By Mwansa Chalwe Snr
The recently released 8th National Development Plan has correctly identified the low diversification of the economy and the high youth unemployment among the four persistent development issues that Zambia faces; and consequently, the priority areas. In order for the country to diversify its economy, its products and services ought to have access to external markets. And one of Zambia’s lowest hanging fruits for economic recovery are the trade markets of Democratic Republic of Congo (DRC) and Angola. Minister of Infrastructure, Housing and Urban Development Charles Milupi together with President Hakainde Hichilema have clearly decided to laser focus on road infrastructure that leads to these countries to take advantage of the long outstanding opportunities, we all have been crying for.
As a caveat, I do not know Mr. Charles Milupi, and neither do I have his brief nor that of the UPND administrations. I have criticised the New Dawn government on a number of issues such as the lack of a clear and comprehensive roadmap on Youth unemployment, the design of the CDF program which puts the cart before the horse, and on their strategy on the Mining industry without renegotiating development agreements especially the percentage forex retention by mining houses. At the same time, I have recognized the many good things they have done so far. And their strategy of promoting regional trade by focusing on the road network leading to Zambia’s borders thus linking Zambia to regional markets, the debt restructuring strategy, the establishment of Public Private Dialogue Forum (PPDF) and the recent phone conversation by President HH had with Chinese President Xi JinPing, to name but a few cases, are right decisions in my view, based purely on objectivity, data and facts at my disposal.
I was one of the major critics of the PF’s infrastructure programme. And in my book: China-West Battleground in Africa: Debt Ridden Zambia, I dedicate an entire chapter entitled: “Infrastructure, the Poisoned Well of the Zambian Economy”. I essentially argue that whereas infrastructure has both short term and long term economic benefits in most countries, in Zambia’s case, the Patriotic Front (PF)’s ambitious, massive infrastructure programme was singly responsible for the economic mess of the period 2011-2021 that Zambia found itself in. The improvement in infrastructure in terms of roads, energy and telecommunications should lead to economic growth. It makes travel, trade and communications easier and improves accessibility. In Zambia’s case, however, the expected benefits in the short and medium terms did not happen for a number of reasons apart from excessive foreign debt.
“Firstly, there was little or no planning. And the normal project management processes and principles of project evaluation and appraisal were not followed. The programmes were rushed and the PF claimed they were in a hurry to “develop”. Secondly, the choice in terms of priority of some of the infrastructure was poor and largely influenced by populist political imperatives. Thirdly, the contracts were mainly single sourced without any tendering as most of the infrastructure projects were tied to funding from Chinese financial institutions. Fourthly, the contracting process was generally not transparent, which created opportunities for rent seeking by politicians, government officials and politically connected persons. This, in turn resulted in the cost of construction to be more expensive than comparative projects in neighbouring countries. Fifth, the materials were sourced mainly from China,” the book argues.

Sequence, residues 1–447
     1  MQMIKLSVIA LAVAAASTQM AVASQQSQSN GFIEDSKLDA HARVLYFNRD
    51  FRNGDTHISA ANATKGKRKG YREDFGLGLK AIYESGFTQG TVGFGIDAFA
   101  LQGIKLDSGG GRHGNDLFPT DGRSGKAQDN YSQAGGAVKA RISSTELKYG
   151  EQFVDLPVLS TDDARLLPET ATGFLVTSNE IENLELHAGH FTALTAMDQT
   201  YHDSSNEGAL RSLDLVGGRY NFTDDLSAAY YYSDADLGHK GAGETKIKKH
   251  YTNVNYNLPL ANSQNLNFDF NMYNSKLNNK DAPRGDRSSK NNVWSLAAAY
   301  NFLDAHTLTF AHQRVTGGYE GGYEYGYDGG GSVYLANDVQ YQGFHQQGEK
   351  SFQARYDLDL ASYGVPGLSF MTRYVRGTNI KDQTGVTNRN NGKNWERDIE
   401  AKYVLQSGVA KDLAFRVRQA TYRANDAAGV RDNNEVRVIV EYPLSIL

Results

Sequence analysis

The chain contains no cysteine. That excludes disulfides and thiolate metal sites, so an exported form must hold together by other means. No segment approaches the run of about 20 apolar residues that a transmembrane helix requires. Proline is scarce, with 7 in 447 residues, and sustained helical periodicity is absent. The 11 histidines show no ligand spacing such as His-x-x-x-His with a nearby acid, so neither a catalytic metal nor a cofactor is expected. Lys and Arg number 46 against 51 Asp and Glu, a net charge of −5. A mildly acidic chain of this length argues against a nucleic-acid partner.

It is on the basis of the apparent change in approach to infrastructure development, by the New Dawn administration, that I decided to pen this article to share with the public, while advising government to be even handed in their development strategy. They should also ensure Zambians start benefiting immediately from infrastructure construction carried out by foreign companies through outsourcing more work to locals and using more local materials for economic multiplier effects unlike in the past
Strategic Road Network to neighbouring countries
The Democratic Republic of Congo (DRC) is one country which previous administrations have not focused on, in terms of exploiting the potential of its 90million market. President Hakainde Hichilema has had several meetings with President Felix Tshekedi of DRC which have been focused on Trade and investment. And Infrastructure Minister, Charles Milupi has had meetings with the Governor of Katanga Province Governor Jacques Katwe in Solwezi. He also has had meetings with Lualaba Province Governor Fifi Saini. These resulted in plans to construct the following roads: Solwezi-Kambimba-Kolwezi road, Solwezi-Mushindamo to Kipushi to add to the existing road from Chililabombwe to Kasumbalesa. The roads will link Zambia to Katanga and Lualaba Provinces of Democratic Republic of Congo. Other planned strategic roads are the 125km Tapo- Sikongo – Angola Border, the Katete to Chanida enroute to the port of Beira in Mozambique, rehabilitation of the 225km of Livingstone –Sesheke- Katima Mulilo road leading to the port of Walvis Bay in Namibia.
North Western and Western Province Trade Facilitation Routes
In December, 2021, Minister Charles Milupi announced a Public Private Partnership (PPP) deal which entailed a 25-year-Concession Agreement with Nkulu Zambia Limited, with the Southern Africa Business Development Forum for the construction and/or rehabilitation international road linkages and trade facilitation routes mainly involving North-Western and Western Provinces of approximately 2,208.5 kilometres .The deal was to be carried out through a Finance, Design, Construct, Rehabilitate, Operate, Maintain and Transfer Public Private Partnership Model. The package has been dubbed as: Development of the Western Province Trade Facilitation Routes inclusive of Resettlement Schemes and Border Facilities through a Finance, Design.